When doing unit tests the "proper" way, i.e. stubbing every public call and return preset values or mocks, I feel like I'm not actually testing anything. I'm literally looking at my code and creating examples based on the flow of logic through my public methods. And every time the implementation changes, I have to go and change those tests, again, not really feeling that I'm accomplishing anything useful (be it mid- or long-term). I also do integration tests (including non-happy-paths) and I don't really mind the increased testing times. With those, I feel like I'm actually testing for regressions, because they have caught multiple, while all that unit tests do is show me that the implementation of my public method changed, which I already know.

Unit testing is a vast topic, and I feel like I'm the one not understanding something here. What's the decisive advantage of unit testing vs integration testing (excluding the time overhead)?


6 Answers 6


When doing unit tests the "proper" way, i.e. stubbing every public call and return preset values or mocks, I feel like I'm not actually testing anything. I'm literally looking at my code and creating examples based on the flow of logic through my public methods.

This sounds like the method you are testing needs several other class instances (which you have to mock), and calls several methods on its own.

This type of code is indeed difficult to unit-test, for the reasons you outline.

What I have found helpful is to split up such classes into:

  1. Classes with the actual "business logic". These use few or no calls to other classes and are easy to test (value(s) in - value out).
  2. Classes that interface with external systems (files, database, etc.). These wrap the external system and provide a convenient interface for your needs.
  3. Classes that "tie everything together"

Then the classes from 1. are easy to unit-test, because they just accept values and return a result. In more complex cases, these classes may need to perform calls on their own, but they will only call classes from 2. (and not directly call e.g. a database function), and the classes from 2. are easy to mock (because they only expose the parts of the wrapped system that you need).

The classes from 2. and 3. cannot usually be meaningfully unit-tested (because they don't do anything useful on their own, they are just "glue" code). OTOH, these classes tend to be relatively simple (and few), so they should be adequately covered by integration tests.

An example

One class

Say you have a class which retrieves a price from a database, applies some discounts and then updates the database.

If you have this all in one class, you'll need to call DB functions, which are hard to mock. In pseudocode:

1 select price from database
2 perform price calculation, possibly fetching parameters from database
3 update price in database

All three steps will need DB access, so a lot of (complex) mocking, which is likely to break if the code or the DB structure changes.

Split up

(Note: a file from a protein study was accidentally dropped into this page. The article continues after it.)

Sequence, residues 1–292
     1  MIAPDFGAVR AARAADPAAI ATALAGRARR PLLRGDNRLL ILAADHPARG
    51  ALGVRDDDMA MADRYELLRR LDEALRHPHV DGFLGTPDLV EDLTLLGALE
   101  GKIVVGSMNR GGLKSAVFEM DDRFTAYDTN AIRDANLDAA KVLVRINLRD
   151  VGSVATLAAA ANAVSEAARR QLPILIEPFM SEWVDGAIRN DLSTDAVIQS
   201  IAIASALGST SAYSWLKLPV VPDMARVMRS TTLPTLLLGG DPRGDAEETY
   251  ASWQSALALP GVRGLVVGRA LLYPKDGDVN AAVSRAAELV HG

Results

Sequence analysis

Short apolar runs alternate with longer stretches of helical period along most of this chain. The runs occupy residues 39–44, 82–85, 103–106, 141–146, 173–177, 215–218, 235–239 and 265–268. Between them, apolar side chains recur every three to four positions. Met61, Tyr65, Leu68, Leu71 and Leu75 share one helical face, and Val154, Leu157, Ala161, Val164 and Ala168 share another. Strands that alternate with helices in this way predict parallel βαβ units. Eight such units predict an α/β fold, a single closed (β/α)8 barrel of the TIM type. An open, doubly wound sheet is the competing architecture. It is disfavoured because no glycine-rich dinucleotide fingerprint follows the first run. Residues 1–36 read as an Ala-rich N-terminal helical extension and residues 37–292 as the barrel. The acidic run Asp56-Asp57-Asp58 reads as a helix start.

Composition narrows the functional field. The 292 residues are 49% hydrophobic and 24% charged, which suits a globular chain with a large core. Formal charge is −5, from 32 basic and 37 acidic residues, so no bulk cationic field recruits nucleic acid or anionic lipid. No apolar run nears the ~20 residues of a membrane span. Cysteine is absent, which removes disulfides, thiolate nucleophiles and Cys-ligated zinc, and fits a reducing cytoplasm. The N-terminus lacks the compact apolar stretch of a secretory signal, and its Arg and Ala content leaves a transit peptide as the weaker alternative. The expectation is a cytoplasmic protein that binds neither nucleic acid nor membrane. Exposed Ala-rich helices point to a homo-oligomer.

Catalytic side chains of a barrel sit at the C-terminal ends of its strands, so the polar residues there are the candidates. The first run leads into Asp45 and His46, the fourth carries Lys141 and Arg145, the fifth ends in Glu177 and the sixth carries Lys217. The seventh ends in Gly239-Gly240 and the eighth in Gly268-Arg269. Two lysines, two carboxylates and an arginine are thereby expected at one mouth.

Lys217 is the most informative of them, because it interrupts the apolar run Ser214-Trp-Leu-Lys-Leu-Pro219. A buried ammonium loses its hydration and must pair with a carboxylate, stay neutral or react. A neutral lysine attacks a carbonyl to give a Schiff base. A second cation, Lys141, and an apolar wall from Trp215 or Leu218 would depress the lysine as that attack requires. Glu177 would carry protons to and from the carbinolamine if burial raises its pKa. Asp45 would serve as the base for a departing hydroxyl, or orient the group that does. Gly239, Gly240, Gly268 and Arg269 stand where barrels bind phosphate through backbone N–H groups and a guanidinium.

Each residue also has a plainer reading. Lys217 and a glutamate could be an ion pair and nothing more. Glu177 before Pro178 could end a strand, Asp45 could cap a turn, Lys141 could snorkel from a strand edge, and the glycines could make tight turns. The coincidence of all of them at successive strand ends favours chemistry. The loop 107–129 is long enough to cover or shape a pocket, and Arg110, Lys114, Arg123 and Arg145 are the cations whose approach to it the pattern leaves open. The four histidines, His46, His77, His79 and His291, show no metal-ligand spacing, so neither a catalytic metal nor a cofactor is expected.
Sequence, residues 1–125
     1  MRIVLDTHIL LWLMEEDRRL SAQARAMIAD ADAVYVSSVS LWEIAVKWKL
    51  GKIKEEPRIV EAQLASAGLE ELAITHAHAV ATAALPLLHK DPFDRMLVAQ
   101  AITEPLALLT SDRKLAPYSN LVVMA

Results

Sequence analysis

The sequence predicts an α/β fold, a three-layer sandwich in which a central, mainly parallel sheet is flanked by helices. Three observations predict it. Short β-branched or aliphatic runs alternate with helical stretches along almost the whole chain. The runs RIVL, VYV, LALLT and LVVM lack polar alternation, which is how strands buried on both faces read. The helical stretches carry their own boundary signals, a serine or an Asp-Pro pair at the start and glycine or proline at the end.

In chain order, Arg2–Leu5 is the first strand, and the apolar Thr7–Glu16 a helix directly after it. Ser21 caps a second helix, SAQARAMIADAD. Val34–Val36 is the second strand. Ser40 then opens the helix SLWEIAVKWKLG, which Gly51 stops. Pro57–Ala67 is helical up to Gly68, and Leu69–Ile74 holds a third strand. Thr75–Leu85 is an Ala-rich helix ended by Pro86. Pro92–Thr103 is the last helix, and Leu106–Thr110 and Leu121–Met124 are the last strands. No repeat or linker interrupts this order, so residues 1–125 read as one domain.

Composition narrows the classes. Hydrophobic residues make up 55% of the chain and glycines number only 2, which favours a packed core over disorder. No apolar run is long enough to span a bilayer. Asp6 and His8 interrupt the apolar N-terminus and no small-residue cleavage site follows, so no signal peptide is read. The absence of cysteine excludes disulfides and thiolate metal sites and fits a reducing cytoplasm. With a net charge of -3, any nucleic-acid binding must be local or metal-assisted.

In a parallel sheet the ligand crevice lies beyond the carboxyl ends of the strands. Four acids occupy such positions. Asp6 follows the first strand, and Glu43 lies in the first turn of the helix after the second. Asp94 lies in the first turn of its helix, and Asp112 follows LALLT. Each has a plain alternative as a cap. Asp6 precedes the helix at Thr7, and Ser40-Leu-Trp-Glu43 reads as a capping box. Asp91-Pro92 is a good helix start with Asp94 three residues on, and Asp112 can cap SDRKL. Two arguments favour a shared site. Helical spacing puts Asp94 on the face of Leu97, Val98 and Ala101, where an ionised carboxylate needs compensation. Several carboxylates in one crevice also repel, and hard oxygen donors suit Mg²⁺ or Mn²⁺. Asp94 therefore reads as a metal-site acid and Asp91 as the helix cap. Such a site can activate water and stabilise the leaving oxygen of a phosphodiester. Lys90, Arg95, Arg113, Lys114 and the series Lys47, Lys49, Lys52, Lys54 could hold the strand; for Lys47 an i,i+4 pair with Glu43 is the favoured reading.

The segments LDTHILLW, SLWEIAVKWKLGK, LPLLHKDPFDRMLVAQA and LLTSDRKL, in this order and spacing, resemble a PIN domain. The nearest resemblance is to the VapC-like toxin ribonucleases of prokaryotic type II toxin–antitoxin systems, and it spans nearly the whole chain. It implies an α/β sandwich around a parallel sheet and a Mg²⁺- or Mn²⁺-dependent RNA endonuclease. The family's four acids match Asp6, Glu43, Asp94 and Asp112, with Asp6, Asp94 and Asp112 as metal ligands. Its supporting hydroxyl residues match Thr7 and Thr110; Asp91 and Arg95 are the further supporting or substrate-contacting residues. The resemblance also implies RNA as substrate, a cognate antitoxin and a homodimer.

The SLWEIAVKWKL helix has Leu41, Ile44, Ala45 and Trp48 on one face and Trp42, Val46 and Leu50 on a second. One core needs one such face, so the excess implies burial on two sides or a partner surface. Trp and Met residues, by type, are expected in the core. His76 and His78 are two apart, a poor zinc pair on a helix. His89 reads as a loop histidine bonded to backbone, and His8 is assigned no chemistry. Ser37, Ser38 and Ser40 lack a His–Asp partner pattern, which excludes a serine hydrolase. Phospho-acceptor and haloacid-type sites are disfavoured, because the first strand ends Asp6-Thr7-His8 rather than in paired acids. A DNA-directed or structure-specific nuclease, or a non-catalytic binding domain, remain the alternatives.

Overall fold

You split into three classes: PriceCalculation, PriceRepository, App.

PriceCalculation only does the actual calculation, and gets provided the values it needs. App ties everything together:

fetch price data from PriceRepository
call PriceCalculation with input values
call PriceRepository to update prices

That way:

  • PriceCalculation encapsulates the "business logic". It's easy to test because it does not call anything on its own.
  • PriceRepository can be pseudo-unit-tested by setting up a mock database and testing the read and update calls. It has little logic, hence few codepaths, so you do not need too many of these tests.
  • App cannot be meaningfully unit-tested, because it is glue-code. However, it too is very simple, so integration testing should be enough. If later App gets too complex, you break out more "business-logic" classes.

Finally, it may turn out PriceCalculation must do its own database calls. For example because only PriceCalculation knows which data its needs, so it cannot be fetched in advance by App. Then you can pass it an instance of PriceRepository (or some other repository class), custom-tailored to PriceCalculation's needs. This class will then need to be mocked, but this will be simple, because PriceRepository's interface is simple, e.g. PriceRepository.getPrice(articleNo, contractType). Most importantly, PriceRepository's interface isolates PriceCalculation from the database, so changes to the DB schema or data organisation are unlikely to change its interface, and hence to break the mocks.

Note: I recently noticed that this concept is fairly similar to Alistair Cockburn's Hexagonal architecture. So I guess I've just been reinventing the wheel...or maybe great minds think alike?

  • 6
    I thought I was alone not seeing the point in unit testing everything, thanks
    – enthrops
    Commented May 22, 2013 at 11:27
  • 5
    I just disagree when you say classes of type 3 are few, I feel like most of my code is of type 3 and there is almost no business logic. This is what I mean: stackoverflow.com/questions/38496185/… Commented Jul 28, 2016 at 17:43
  • I really have to ask it here. Imagine a call to the method of the mocked object returns std::string/wrapper around std::string as a result. Would you still mock a class of the result? In this case, either std::string or its wrapper. Commented Sep 14, 2020 at 9:14